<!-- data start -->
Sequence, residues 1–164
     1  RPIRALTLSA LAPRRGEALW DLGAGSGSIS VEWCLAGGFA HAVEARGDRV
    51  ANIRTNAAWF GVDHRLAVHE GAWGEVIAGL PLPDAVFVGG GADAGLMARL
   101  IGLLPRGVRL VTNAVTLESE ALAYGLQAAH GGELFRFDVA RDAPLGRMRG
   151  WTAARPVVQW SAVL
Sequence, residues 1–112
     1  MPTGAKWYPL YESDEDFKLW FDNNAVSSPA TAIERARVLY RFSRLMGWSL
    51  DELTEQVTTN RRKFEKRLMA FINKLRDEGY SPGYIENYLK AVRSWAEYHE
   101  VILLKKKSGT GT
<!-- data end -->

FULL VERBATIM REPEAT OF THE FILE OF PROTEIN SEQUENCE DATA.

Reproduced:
Sequence, residues 1–164
     1  RPIRALTLSA LAPRRGEALW DLGAGSGSIS VEWCLAGGFA HAVEARGDRV
    51  ANIRTNAAWF GVDHRLAVHE GAWGEVIAGL PLPDAVFVGG GADAGLMARL
   101  IGLLPRGVRL VTNAVTLESE ALAYGLQAAH GGELFRFDVA RDAPLGRMRG
   151  WTAARPVVQW SAVL
Sequence, residues 1–112
     1  MPTGAKWYPL YESDEDFKLW FDNNAVSSPA TAIERARVLY RFSRLMGWSL
    51  DELTEQVTTN RRKFEKRLMA FINKLRDEGY SPGYIENYLK AVRSWAEYHE
   101  VILLKKKSGT GT